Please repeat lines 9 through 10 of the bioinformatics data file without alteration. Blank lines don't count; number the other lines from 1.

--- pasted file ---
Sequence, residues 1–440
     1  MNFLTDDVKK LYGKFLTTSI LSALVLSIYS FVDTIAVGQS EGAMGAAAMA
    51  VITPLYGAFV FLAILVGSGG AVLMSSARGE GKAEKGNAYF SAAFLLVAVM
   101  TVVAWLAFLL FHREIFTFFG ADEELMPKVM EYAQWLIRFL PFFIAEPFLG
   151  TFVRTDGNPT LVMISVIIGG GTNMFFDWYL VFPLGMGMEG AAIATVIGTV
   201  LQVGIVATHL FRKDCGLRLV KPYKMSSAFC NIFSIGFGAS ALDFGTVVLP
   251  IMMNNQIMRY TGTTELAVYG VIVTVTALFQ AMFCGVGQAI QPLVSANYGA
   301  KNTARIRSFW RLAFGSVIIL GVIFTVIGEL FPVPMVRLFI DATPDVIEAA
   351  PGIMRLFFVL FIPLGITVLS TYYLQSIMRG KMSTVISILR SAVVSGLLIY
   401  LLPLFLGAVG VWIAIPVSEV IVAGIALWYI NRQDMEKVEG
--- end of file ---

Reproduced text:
   351  PGIMRLFFVL FIPLGITVLS TYYLQSIMRG KMSTVISILR SAVVSGLLIY
   401  LLPLFLGAVG VWIAIPVSEV IVAGIALWYI NRQDMEKVEG